* Shares fall
* Q2 group profits and revenues fall
* Weaker equities trading results than its French rivals (Updates with analyst comment, shares)
PARIS, Aug 2 (Reuters) - Societe Generale underperformed its French banking rivals in equities trading in the second quarter, reporting lower revenue from that business while BNP Paribas and Natixis achieved significant gains.
Overall, France's second biggest bank on Wednesday reported a 28 percent fall in second-quarter net profit after setting aside 300 million euros ($354.12 million) to pay for potential legal costs, part of the bank's efforts to turn the page following a series of legal disputes and scandals.
SocGen, more focused on equities than its rivals, has shaken up management and invested more in fixed income and prime services, aimed at hedge fund clients, in the past few years to make its investment banking revenue less volatile.
"We have a model which has as an objective a resilient revenue contribution," SocGen's chief executive Frederic Oudea said in a video presentation, posted on the bank's website.
SocGen's shares fell 4 percent in early trading, while the broad European banking index was down 0.3 percent.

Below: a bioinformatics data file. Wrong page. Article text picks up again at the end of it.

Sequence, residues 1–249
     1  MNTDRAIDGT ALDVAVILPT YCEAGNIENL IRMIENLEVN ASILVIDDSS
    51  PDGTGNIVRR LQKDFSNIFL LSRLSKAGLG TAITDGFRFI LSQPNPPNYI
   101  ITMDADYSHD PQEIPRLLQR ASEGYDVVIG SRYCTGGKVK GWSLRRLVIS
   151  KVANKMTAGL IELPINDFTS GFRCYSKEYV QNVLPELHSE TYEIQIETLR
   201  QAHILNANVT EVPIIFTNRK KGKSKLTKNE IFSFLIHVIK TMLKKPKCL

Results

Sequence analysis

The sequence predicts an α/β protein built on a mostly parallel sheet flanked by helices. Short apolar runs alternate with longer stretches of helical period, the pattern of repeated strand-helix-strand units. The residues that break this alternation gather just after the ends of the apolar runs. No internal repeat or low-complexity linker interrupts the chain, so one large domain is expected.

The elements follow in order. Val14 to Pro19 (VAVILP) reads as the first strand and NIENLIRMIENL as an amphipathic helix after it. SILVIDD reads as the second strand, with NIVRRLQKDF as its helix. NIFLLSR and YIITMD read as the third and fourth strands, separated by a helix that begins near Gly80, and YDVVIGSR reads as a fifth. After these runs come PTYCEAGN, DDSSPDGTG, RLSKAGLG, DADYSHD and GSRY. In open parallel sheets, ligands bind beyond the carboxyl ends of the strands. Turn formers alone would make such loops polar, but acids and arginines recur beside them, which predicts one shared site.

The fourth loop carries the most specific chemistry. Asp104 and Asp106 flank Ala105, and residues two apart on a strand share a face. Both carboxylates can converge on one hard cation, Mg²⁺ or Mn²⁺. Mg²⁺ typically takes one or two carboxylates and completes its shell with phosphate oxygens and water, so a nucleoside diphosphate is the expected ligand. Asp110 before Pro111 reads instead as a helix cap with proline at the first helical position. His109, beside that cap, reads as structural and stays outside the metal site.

"The performance in equity derivative and corporate financing in light of peers is low, part of it could be explained by a high comparison base," analysts at Jefferies said in a note.
BNP Paribas last week reported a 25.7 percent rise in equities trading and prime services, while Natixis posted a 33 percent rise in equity trading.
But SocGen fared comparatively better in fixed income trading, where it reported a 6.8 percent decrease in sales versus a 16 percent drop at BNP Paribas.
SocGen's investment bank accounts for about a third of its revenue.
"While global markets ended the quarter higher, Q2 was marked primarily by the widespread 'wait-and-see' attitude of investors, in conjunction with ever lower volatility and a weaker dollar," SocGen said in a statement.
SocGen said that the quarterly volatility of its corporate and investment banking revenue since the beginning of 2014 has been lower than that of French, European or U.S. rivals.
The bank continued to cut costs in the business in the second quarter, which helped to offset lower revenue from trading and financing and advisory to bring net profit up 11 percent to 499 million euros.
As well as cutting costs, French banks are also aiming to digitize more functions to compete with European rivals, such as Credit Suisse and Deutsche Bank.
SocGen's second-quarter group net income fell to 1.06 billion euros from 1.46 billion euros a year earlier, in line with the average of estimates from five analysts in a Reuters poll.
Group revenues fell 26 percent to 5.20 billion euros, below 5.39 billion euros expected by the analysts. A recovery in retail banking in eastern Europe and Africa helped partly to offset pressure on margins in French retail banking from low interest rates, and a decrease in trading sales.
($1 = 0.8472 euros)
(Reporting by Maya Nikolaeva; Editing by Sudip Kar-Gupta and Jane Merriman)